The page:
Tenzin Norbu - Breakfast with the Arts 1/17

Please join us on Tuesday 1/17 for an exhibition and discussion with artist Tenzin Norbu!

8:30 - 10:00 AM
Nearburg Gallery, Black Family Visual Arts Center
Pastries, muffins and coffee will be served.

Sponsored by The Leslie Center for Humanities


 Tenzin Norbu studied for sixteen years under Temba Chomphel, eventually becoming assistant master. Tenzin remembers that throughout his time here at Norbulingka, he got many opportunities to go abroad but each time his master strongly advised against going saying, “Wait until you have perfected the art of thangka making and have learned all there is to know. Then you will be free to go anywhere you wish.” Each time, Tenzin heeded his master’s words and now he looks back on this advice with gratitude.

Temba Chomphel began a grand project with the patronage of HH the 14th Dalai Lama to create a thangka series depicting the lives of all the Dalai Lamas. This project was especially exciting because no earlier series of paintings existed featuring the deeds of the entire lineage of Dalai Lamas, so this would be the first of its kind. Our research section spent months pouring over the biographies of the Dalai Lamas and passing on relevant sections to Temba Chomphel so that he could illustrate the important deeds and design the layout for the life of each. When Temba Chomphel tragically passed away in 2007, Tenzin Norbu faithfully continued the work, with all the same care and creativity, and the project has just recently been completed, the dedicated effort of both master artists finally realized.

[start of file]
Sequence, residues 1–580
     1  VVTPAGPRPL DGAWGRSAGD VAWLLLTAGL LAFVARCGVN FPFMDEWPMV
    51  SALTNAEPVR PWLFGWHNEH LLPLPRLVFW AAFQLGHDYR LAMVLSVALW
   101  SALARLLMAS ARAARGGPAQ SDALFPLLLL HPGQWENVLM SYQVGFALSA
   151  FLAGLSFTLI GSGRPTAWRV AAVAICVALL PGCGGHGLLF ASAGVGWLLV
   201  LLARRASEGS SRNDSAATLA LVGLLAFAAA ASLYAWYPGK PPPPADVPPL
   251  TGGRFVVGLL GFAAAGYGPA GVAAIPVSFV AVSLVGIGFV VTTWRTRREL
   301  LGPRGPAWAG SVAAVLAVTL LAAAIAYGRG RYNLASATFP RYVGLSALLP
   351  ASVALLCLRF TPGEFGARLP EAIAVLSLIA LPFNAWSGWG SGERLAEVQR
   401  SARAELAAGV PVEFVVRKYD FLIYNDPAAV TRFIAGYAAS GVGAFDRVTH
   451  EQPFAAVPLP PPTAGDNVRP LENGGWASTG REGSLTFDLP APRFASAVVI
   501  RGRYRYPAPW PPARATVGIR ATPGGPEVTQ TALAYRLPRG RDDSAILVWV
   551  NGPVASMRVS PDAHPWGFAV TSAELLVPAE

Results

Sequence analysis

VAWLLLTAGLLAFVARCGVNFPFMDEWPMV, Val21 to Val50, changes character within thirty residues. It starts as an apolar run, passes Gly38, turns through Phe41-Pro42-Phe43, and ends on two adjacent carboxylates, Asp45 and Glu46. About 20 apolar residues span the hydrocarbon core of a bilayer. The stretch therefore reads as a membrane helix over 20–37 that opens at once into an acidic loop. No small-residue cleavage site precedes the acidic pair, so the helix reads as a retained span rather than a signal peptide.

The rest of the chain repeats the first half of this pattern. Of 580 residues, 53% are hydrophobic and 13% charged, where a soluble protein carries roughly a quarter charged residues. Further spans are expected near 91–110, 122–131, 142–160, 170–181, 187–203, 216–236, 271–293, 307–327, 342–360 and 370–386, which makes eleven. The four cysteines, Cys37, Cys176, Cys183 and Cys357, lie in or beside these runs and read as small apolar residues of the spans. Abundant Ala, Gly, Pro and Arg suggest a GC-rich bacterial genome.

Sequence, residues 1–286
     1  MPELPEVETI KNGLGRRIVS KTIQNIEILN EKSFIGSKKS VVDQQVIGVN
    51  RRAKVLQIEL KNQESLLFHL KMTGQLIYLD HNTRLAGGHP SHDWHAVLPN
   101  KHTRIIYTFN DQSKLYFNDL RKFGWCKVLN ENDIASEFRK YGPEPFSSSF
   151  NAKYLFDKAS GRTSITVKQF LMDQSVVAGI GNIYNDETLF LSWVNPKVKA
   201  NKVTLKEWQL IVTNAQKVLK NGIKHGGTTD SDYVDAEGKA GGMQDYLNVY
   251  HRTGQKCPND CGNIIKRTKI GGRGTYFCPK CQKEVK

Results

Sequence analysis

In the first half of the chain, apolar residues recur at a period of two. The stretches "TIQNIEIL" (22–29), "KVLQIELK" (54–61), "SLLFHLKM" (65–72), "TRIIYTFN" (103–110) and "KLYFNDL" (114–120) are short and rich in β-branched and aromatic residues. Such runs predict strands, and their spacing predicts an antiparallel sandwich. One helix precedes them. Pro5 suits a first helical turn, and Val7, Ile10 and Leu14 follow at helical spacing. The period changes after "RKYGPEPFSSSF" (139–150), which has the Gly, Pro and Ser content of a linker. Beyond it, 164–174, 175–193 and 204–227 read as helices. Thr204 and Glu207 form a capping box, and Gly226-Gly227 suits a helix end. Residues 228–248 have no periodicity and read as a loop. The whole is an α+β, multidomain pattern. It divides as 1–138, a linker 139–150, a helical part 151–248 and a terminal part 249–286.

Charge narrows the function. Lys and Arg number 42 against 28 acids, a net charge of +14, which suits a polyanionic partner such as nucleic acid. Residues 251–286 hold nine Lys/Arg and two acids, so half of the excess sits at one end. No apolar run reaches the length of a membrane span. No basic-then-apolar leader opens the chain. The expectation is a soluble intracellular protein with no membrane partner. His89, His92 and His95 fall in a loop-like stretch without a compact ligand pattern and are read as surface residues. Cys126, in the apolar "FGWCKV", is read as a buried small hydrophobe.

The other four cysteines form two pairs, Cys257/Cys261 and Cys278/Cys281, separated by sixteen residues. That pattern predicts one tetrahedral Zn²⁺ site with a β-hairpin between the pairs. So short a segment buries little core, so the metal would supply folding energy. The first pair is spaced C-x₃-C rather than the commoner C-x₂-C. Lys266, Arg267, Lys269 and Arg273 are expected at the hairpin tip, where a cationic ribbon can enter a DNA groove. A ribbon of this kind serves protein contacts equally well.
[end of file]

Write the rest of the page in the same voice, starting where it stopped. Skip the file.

At the beginning, Norbulingka only offered specially commissioned thangkas, but these could take many months or even years to complete, and as many people appreciate the beauty and spirit of thangkas, but do not have detailed specifications which require a specially commissioned one, we decided to design a Norbulingka collection of thangkas featuring the main deities of the Tibetan Buddhist pantheon. Tenzin Norbu, again consulting vast amounts of scriptures, then designed a set of around 30 painted and applique thangkas that are now available in our showroom and exhibitions for anyone to purchase.

Tenzin Norbu explains that thangkas are important on three different levels. Firstly, they preserve the spirit of Tibetan Buddhism, and aid practitioners in their individual search for enlightenment. As such an ancient art form, integrated so closely into Tibetan Buddhism, the practice of thangka painting also helps to preserve the unique Tibetan heritage. Finally, thangka painting provides a good livelihood to many Tibetan artists, meanwhile instilling in them a sense of pride and knowledge in their culture and religion.